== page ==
|Guinness World Records lists Leonardo da Vinci’s Mona Lisa as having the highest ever insurance value for a painting. On permanent display at the Louvre in Paris, the Mona Lisa was assessed at $100 million on December 14, 1962. Taking inflation into account, the 1962 value would be around $850 million in 2019. (I saw the Mona Lisa at the Louvre and was surprised at how small and ordinary it really looked!) But did you know that in his lifetime, Da Vinci created only 20 paintings? Rembrandt created 600 and Van Gogh 900. That’s a ton of paintings. But wait…Pablo Picasso created 13,500 pieces. That seems absolutely unbelievable but do you know there is another well-known artist who was three times that prolific?
Yep. Bob Ross. The guy on TV with the Chia Pet perm, soft voice and cute little sayings like, “We don’t make mistakes. We just have happy accidents.” Bob Ross created a whopping 30,000 paintings. And they aren’t for sale!On YouTube, old episodes of his show, The Joy of Painting, boast over 450 million views. Online, you can acquire Bob Ross paints, Bob Ross brushes, Bob Ross underwear, Bob Ross coffee mugs, Bob Ross energy drinks, Bob Ross watches, and Bob Ross toasters.But there’s one thing you won’t often see for sale: his artwork.
Here is an excerpt from Zachary Crockett of The Hustle on Bob Ross and his popularity as a painter:During his lifetime, Ross produced tens of thousands of paintings. Yet, only a handful of his works have popped up for sale in recent years. When they do appear, they often fetch $10k+ and attract dozens of bids.Why is the work of one of history’s most prolific and accessible artists so scarce on the open market?To find out, I spoke with art gallery owners, auctioneers, art collectors, ex-colleagues who worked with Ross, and the president of Bob Ross, Inc. — the company that preserves his legacy.The man behind the canvasBorn in Daytona, Florida, in 1942, Ross dropped out of school in 9th grade to work with his father, a carpenter.At 18, he joined the Air Force and moved to Alaska, where he’d spend the next 20 years as a drill sergeant, screaming at recruits. He was such a hard-ass that he earned the nickname “Bust ’em up Bobby.”But his life changed when he discovered art.Inspired by the TV painter Bill Alexander, he started painting landscapes on gold mining pans and selling them at local markets in Alaska.His income from painting soon surpassed what he made in the military. So, in 1981, he migrated back to Florida, trained under Alexander, and became a certified painting instructor.
Now, here’s where things took a wild turn for Ross:One of his students, Annette Kowalski, was “mesmerized” by the jolly painter and encouraged him to strike out on his own.They pooled together their life savings, launched Bob Ross, Inc., and set out to make Ross into a TV star.A PBS executive gave them a shot.The show — The Joy of Painting, which aired between 1983 and 1994— was a huge hit and was broadcast on ~300 stations to 80m+ people every day.In each 27-minute episode, Ross would paint one landscape from start to finish, shepherding viewers through his process with a soothing disposition, entertaining commentary, and an occasional guest appearance by his pet squirrel, Peapod.Ross didn’t get paid for his shows. But Bob Ross, Inc. — which he partially owned — used the platform to sell paints, art supplies, workshops, instructional videos, and merchandise. By 1991, it was a $15m/year ($29m today) enterprise.The actual paintings, though, were largely an afterthought.Over the course of his career, Ross filmed 381 episodes of The Joy of Painting. For each episode, he painted 3 versions of the same artwork — one before, one during, and one after taping.But his TV career only scratched the surface of his total output.Pre-fame, in Alaska, he sold thousands of paintings. And even while famous, he painted nearly every day at seminars, events, and charity auctions in between tapings.All told, Bob Ross churned out ~30k paintings in his lifetime — nearly 3x the output of Picasso, a prolific painter in his own right.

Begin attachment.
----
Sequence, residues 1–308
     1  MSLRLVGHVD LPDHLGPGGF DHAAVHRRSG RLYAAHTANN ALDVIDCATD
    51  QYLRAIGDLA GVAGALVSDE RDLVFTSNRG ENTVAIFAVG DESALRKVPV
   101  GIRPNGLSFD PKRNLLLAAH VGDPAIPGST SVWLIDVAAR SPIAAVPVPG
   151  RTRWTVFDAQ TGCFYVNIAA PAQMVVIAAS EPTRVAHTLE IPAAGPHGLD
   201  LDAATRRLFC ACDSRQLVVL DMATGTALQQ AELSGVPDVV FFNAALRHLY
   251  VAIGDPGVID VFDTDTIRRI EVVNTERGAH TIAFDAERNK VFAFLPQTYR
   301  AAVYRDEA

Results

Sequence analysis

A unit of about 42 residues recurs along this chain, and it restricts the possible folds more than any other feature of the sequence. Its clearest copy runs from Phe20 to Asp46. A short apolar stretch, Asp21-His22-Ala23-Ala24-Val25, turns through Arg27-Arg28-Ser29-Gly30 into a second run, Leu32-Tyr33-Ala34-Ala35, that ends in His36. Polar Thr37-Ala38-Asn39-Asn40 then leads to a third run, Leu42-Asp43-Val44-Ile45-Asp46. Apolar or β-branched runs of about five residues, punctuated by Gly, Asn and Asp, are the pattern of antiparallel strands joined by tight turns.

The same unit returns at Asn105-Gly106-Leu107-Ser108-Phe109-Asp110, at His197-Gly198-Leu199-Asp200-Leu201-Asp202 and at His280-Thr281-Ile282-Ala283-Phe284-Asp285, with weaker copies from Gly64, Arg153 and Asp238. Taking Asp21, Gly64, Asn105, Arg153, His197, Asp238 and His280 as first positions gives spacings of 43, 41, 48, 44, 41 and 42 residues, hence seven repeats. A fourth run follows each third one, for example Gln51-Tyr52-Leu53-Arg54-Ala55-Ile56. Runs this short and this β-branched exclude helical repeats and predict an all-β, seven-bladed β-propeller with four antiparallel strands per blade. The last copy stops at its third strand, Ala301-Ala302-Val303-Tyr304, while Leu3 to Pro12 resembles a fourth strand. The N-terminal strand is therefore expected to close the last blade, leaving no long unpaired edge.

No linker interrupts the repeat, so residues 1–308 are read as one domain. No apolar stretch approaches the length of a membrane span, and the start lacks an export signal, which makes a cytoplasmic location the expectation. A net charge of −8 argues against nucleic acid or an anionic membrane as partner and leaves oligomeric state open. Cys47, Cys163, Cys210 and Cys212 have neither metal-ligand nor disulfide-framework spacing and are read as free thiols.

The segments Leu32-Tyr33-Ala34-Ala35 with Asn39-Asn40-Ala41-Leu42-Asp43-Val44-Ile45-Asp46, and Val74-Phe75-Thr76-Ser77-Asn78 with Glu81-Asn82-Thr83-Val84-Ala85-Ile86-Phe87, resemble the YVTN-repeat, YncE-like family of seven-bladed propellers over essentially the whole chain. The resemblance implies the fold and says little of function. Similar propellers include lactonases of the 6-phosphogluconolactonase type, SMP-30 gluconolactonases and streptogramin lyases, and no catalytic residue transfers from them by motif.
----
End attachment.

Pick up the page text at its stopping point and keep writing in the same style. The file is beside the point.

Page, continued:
BOB ROSS, INCORPORATED
As a part of Ross’s agreement with Bob Ross, Inc., the paintings he created for TV were work for hire, meaning the company maintained ownership of his work.When Ross died in 1995, Bob Ross, Inc. (and thus, the paintings) became the sole property of Annette Kowalski and her husband, Walt.Today, 1,165 Bob Ross originals — a trove worth millions of dollars — sit in cardboard boxes inside the company’s nondescript office building in Herndon, Virginia.Joan Kowalski, Annette’s daughter, and the current president of Bob Ross, Inc., tells The Hustle that the company had never really given the paintings much thought.“The paintings have always just sort of been here,” she says, with a chuckle. “We were sort of behind the times… it never occurred to us that anyone would want them.”The company, which can be reached by dialing 1-800-BOB-ROSS, gets constant inquiries from folks about buying the paintings.But they’re not for sale.“Our only mission,” Kowalski says, “is to preserve the mythological wonderment that was Bob Ross.”
I think all of us have watched Bob Ross at some time in our lives, and most of us have bought his products. Hard to imagine painting that many paintings in a lifetime. A lifetime that was fairly short. Ross died at age 52 from complications of lymphoma. I found the information about his life fascinating. Hope you do too.